Previously human beings could only transform particular things in nature; nature itself was not the object… of their activity. Now, however, it itself has been delivered over to them in toto. Yet as a result they suddenly see themselves imperiled as never before. The reason for this lies in the attitude that views creation only as the product of chance and necessity. Thus it has no law, no direction of its own.
In the Beginning, 51
Reflection – Ratzinger, writing here at the height of the Cold War, is referring here to the threat of nuclear extinction. The very structure of physical reality—the ‘atomic’ level of matter—has been made accessible to physical manipulation, and in consequence destructive forces have been unleashed that could destroy us all.
Of course this is still true today, even though the specific political configuration has changed. The dangers of nuclear weaponry are still with us. I wonder, though, if Ratzinger is not touching on an underlying spiritual problem. There is, it seems to me, a fundamental crisis that has beset humanity over the past several centuries.
I would call it a crisis of humility. Where is our humility? Humility is the virtue of limitations, the virtue that constrains us to live within our true boundaries. ‘Humility is truth’, goes the somewhat clichéd formula these days. Humility is about choosing to live within reality, and not trying to shape reality according to our wishes, as if we were God.
For example, 2+2=4. We may want it to equal 5 or 3, but it really does equal 4. The looming global economic collapse is a result of all sorts of people deciding that we can pretend 2+2=5 and just keep juggling the books and shuffling the papers until it magically does so. I do realize that it’s more complex than that, but that’s precisely the problem.
2+2=4 is not complex, and a global economy based on real numbers and real goods and services being exchanged for real money is not so complex. We’ve failed in humility, and tried to create a fantasy economy based on funny math and imaginary money. We are not God, and our efforts at creation ex nihilo are failing.
The same holds true with human sexuality. Man and woman come together in sexual union, and nine months later, perhaps, a child is born. There is union, and there is pro-creation. There is a beautiful, radiant simplicity about the whole thing, and a clear conformity between that which is given (bodily structures of genitalia and reproductive organs), what is manifestly good (the creation and raising of children in a safe, secure environment) and what is done (pro-creative sex, in a stable committed relationship).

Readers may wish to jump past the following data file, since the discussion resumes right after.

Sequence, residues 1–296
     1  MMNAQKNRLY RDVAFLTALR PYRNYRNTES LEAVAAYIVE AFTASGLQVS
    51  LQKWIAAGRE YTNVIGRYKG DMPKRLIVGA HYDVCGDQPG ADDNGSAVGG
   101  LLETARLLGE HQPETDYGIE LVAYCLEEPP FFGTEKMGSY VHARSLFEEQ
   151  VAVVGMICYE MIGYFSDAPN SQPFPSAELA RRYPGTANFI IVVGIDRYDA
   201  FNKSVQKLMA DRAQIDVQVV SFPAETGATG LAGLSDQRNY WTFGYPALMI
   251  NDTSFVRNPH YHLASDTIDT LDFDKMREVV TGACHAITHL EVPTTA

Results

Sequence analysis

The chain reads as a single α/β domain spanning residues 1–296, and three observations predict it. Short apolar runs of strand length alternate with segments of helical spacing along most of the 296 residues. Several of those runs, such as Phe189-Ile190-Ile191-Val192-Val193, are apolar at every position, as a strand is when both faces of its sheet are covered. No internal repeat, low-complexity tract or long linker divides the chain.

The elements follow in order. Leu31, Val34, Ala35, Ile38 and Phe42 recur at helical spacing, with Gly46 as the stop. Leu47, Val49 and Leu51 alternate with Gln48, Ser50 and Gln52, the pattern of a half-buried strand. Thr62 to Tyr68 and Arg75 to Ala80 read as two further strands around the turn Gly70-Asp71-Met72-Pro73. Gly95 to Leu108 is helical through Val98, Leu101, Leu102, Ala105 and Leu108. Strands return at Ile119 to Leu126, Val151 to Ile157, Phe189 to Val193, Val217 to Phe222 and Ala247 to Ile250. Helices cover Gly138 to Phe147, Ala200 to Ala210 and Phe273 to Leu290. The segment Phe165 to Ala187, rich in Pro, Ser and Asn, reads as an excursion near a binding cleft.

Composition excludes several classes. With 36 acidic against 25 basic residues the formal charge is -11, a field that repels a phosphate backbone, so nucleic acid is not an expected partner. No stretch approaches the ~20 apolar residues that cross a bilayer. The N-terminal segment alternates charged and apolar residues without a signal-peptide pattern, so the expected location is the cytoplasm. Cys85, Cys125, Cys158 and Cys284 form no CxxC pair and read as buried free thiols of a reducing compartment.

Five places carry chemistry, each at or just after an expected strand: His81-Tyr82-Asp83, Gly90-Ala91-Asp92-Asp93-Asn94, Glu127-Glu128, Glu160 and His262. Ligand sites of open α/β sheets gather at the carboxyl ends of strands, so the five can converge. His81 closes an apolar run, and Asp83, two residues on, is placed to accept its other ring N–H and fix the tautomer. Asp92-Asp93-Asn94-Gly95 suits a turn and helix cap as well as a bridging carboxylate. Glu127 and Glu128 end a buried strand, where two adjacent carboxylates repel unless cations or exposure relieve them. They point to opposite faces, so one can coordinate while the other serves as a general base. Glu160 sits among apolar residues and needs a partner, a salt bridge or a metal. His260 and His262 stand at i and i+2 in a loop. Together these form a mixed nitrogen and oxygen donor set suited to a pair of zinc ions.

But we know better! We have all sorts of ideas about what sex is, how children should be created and raised, and so on and so forth. And so we disregard our bodily structures and combine, mix and match as we please. Now – be clear! I’m not talking about the weakness of all flesh here, and the struggle for sexual purity and chastity that is the lot of fallen man. I’m talking about ideologies—rewriting the moral law to suit ourselves.
A crisis of humility—and the same holds true with nuclear weapons. We seem to have thought that it was wise and good for some human beings to hold in their hands the ability to destroy the human race. Somehow, we thought we were strong enough, good enough, pure of heart enough for this. And now we have a terrible mess on our hands, a dangerous terrible mess, the details of which I hardly need to lay out here.
Humility—knowing our limits, knowing that we are not God, and that God has made the universe with ordered structures, with a purpose and a goal. And committing ourselves to listening, to praying, to seeking out the truth of things and serving the end of things. This is our human vocation, and humility is at the core of it.